Animation opens to a lot of possibilities in terms with what you want to show on the screen. You can show worlds that you might not be able to show in comic books. The comic book has to be to the point, the story has to be brief, you have to get your story across in a couple of pages. In animation, you can do a lot. You can expand on ideas, you can really create the environment you want to show, the world you want people to believe in, so to speak. It gives you a lot of leverage artistically. You can show a lot more with a good soundtrack in the background and high quality animation, you can hammer the message home and make an impact on people’s lives.

Speaking of the soundtrack, I saw that you have an Urdu promo out with narration by Junaid Jamshed and a soundtrack by Shahi Hasan. Those are pretty big names in Pakistan, How did you get them involved with Buraaq?

We were able to partner with some gentlemen in the Bay Area who have a background in the entertainment industry so they have contacts. We were honored to work with people like Shahi Hasan and Junaid Jamshed. They really loved the project so Junaid was ready to do the Urdu narration for it so that’s how we ended up recording it. We also want to do an Arabic version and that’s something we’re still looking into.

Buraaq encompasses a lot of Islamic principles in how he conducts himself as Yusuf Abdallah and also as a superhero. Talk about the main villain, his arch nemesis, and the kinds of things they encompass.

As I mentioned earlier, he will be dealing with the jinn world. The theme is eventually that an elite group of people is trying to control the world, trying to control the resources, whether it’s through the media, or control over the food system, essentially, global domination, and they are preparing for their master to come and finally rule over the world. It’s kind of bringing the whole concept of Dajjal into the picture. His main villain is one of the arms of the leaders of the army of the jinn and of course you have high ranking officials and individuals. It’s a mixture of both and the idea is to come up with a storyline that is very intriguing and mysterious, with action and adventure. That’s the plan.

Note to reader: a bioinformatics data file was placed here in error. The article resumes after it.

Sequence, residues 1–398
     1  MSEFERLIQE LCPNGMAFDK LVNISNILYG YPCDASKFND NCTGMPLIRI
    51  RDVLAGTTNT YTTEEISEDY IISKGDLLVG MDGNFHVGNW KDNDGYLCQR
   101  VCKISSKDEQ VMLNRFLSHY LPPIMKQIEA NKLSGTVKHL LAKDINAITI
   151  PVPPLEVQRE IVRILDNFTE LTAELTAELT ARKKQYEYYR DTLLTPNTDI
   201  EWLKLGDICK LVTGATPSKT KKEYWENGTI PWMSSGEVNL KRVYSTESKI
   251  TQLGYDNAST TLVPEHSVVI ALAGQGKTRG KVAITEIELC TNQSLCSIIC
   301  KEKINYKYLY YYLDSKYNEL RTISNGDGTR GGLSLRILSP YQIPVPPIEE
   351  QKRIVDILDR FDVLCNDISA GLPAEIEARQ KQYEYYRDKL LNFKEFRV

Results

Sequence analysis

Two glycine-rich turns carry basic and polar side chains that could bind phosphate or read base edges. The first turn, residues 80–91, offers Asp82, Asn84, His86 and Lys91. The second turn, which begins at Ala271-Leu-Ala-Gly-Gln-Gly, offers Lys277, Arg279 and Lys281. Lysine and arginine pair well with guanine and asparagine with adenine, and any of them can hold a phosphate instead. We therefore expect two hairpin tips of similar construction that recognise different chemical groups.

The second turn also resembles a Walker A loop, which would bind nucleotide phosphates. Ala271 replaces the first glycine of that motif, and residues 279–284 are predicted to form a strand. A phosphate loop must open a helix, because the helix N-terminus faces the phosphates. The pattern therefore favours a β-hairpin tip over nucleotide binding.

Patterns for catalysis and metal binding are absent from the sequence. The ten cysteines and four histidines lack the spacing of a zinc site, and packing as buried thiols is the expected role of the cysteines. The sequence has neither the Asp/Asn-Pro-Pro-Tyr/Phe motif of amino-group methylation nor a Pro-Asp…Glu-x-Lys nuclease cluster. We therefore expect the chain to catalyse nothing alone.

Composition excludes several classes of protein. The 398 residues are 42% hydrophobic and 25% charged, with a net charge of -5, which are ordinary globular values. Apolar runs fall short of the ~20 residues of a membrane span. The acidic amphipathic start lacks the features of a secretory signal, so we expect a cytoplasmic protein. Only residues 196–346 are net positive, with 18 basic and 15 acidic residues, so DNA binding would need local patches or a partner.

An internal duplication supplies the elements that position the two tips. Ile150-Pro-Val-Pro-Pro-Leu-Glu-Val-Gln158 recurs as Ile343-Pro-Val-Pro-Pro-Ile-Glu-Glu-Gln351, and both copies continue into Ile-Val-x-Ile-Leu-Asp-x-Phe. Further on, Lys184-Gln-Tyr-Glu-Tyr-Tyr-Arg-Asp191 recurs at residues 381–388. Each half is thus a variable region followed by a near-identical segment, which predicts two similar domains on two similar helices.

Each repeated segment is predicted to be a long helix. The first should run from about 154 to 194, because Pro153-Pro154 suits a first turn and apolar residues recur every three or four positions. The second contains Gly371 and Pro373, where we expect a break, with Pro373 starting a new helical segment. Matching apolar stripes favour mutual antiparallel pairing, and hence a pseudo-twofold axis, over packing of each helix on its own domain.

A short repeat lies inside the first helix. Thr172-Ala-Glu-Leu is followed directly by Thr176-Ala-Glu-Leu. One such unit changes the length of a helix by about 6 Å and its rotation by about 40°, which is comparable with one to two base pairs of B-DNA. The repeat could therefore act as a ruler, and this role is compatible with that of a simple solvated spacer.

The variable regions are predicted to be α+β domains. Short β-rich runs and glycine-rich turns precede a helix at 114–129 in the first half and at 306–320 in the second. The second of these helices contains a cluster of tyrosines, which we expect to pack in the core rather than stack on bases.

How would you pitch Buraaq to those who are on the fence of whether they should check it out?

There are other characters out there like The 99, Burka Avenger, and Kamala Khan/Ms. Marvel. We felt that there’s a solid character that’s missing. Sure you have characters with an Arab or Pakistani background and they are shown to be Muslim but in practice, they are not really doing anything that would reconnect us to our roots. Mostly, they portray this confused individual who is not sure about their identity and he/she is struggling and trying to find their way.

We wanted to change that mindset. We wanted to show someone who knows who he is, he’s confident in his identity, he’s firm in his faith. He’s just doing what he’s supposed to do and hopefully people will be inspired by what he does.

Check out Split Moon Arts for more information on Buraaq, to donate to the animated series, and to download the comic books (there are even some free ones!). Watch the promo of the animated series here.

Also, check out my interview with the creator the comic book turned animated series The 99, Dr. Naif Al-Mutawa.